Medical Marijuana Patient Laws MI

Medical Marijuana Lawyer - James Fifelski

If you are a Medical Marijuana Patient in the State of Michigan it is important to fully understand the Michigan Medical Marijuana Program MMMP. Although a Medical Marijuana Card does permit you to use medical marijuana as treatment, there are many rules in the State of Michigan that are often ignored by patients. Failure to comply with the MMMP can result in criminal charges from prosecutors who are looking to set a precedent. James Fifelski will fight vigorously to prevent anyone from making an example out of you because he understands the Michigan Medical Marijuana Program and strives to protect patients from being unfairly accused.

MMMP participants face many risks when obtaining, transporting, and using medical marijuana. There is a limit of 2.5 ounces a patient can have at one time, as well as a limit of 12 plants, with no assigned caregiver. In many ways the strictness of which these limits are enforced varies depending on the county. Oakland County has shown little tolerance for Medical Marijuana and has taken several legal steps to minimize its visibility. On the other hand, Washtenaw County has taken steps to improve policy without charging patients, caregivers, and dispensaries with serious crimes. Medical Marijuana Laws are interpreted differently by law enforcement officials around the state, making it even more important to understand and comply with patient guidelines.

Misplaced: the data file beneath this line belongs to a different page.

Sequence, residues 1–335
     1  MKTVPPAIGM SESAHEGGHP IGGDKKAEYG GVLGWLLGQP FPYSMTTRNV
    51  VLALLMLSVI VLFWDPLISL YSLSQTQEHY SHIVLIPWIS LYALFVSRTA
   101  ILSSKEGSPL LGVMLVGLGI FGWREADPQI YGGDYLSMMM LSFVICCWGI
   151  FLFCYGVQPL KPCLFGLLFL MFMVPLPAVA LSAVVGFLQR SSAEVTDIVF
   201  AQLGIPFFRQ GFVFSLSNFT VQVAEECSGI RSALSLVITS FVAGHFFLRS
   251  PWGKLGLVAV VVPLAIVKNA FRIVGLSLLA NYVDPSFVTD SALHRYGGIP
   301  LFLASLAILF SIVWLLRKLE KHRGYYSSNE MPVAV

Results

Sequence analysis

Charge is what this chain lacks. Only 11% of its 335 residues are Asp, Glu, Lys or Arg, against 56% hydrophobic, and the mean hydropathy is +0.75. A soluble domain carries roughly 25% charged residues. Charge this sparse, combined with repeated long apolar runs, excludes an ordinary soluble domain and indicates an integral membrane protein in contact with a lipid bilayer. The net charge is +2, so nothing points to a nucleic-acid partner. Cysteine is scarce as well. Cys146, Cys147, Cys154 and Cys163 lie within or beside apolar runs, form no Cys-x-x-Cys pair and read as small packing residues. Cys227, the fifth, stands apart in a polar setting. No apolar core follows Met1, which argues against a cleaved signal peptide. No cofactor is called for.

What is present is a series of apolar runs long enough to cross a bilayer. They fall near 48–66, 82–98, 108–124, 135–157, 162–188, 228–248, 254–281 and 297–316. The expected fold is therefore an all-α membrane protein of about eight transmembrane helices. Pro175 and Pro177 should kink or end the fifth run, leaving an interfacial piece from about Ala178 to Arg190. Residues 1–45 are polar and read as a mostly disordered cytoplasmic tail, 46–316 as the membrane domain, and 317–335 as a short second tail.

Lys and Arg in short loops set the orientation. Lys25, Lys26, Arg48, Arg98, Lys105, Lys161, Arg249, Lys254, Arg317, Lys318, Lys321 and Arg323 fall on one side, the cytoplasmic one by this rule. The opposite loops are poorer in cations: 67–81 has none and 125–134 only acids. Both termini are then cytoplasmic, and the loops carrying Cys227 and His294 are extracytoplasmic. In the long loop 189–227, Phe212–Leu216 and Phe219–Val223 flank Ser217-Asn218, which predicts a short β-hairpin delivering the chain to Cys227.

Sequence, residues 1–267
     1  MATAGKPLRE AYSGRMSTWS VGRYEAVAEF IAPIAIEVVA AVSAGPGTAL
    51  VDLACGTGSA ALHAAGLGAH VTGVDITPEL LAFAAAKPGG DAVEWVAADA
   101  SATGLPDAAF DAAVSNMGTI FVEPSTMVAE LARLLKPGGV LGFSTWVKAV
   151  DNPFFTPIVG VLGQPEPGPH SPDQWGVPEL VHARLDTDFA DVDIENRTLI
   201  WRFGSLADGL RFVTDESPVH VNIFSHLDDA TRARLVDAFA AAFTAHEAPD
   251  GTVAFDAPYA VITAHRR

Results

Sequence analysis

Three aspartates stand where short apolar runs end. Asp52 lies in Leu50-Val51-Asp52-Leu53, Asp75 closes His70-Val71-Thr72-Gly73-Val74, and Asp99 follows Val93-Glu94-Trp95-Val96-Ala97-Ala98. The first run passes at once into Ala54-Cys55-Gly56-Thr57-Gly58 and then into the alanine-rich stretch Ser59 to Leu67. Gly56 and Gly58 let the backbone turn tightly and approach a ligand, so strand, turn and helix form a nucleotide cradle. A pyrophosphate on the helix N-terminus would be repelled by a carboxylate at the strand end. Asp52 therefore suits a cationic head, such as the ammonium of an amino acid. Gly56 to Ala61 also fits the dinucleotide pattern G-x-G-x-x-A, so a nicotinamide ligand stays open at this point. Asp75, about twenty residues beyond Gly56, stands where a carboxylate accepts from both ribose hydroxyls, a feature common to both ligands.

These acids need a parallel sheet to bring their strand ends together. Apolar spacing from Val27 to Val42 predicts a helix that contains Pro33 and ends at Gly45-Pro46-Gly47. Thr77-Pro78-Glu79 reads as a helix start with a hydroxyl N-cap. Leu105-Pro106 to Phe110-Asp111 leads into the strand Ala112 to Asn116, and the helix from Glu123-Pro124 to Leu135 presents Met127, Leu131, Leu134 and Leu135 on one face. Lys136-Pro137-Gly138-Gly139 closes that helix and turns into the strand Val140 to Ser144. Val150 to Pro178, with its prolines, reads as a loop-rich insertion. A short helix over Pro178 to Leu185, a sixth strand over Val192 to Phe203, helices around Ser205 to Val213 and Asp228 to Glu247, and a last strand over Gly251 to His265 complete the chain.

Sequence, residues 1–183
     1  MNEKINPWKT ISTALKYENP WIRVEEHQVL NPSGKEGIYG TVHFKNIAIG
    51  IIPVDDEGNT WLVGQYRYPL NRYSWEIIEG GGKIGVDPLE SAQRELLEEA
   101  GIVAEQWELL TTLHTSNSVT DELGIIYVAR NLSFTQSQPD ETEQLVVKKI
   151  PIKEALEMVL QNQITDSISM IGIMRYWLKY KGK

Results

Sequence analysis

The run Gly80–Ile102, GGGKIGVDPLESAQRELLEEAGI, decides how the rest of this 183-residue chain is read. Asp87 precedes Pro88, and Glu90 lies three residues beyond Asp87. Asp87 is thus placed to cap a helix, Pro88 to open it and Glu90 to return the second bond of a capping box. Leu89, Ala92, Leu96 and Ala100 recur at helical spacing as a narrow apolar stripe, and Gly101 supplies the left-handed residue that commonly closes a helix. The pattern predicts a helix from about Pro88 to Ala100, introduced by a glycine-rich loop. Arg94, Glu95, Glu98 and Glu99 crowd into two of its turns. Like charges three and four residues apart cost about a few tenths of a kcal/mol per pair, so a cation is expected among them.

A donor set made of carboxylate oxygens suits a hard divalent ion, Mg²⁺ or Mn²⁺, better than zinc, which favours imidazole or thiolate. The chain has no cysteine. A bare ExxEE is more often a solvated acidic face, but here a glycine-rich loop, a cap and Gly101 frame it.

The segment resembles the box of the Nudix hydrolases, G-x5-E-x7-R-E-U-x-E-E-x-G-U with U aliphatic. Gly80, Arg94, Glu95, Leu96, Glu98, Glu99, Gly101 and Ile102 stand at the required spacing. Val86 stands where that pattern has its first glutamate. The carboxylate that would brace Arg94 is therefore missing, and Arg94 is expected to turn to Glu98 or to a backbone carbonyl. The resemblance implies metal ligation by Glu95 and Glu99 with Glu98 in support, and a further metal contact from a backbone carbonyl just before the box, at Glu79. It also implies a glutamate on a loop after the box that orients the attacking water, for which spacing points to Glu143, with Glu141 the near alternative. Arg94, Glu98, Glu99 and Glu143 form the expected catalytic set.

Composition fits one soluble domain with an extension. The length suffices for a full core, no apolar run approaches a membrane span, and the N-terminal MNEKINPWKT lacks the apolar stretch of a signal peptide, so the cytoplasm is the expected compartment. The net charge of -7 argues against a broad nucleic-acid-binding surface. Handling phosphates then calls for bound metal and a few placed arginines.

There will be benchmark cases in the State of Michigan involving medical marijuana that will make it to the State Supreme Court. These cases will eventually determine the direction of the MMMP, and there is a good chance it will come down to the actions of one patient. As Michigan's Medical Marijuana Lawyer, James Fifelski understands the difference one patient can make, and will fight for his clients all the way to the highest court in the State of Michigan. Without the experience and knowledge of James Fifelski patients face the risk of losing criminal cases resulting in a bad precedent, while creating severe limitations to the MMMP and its patients.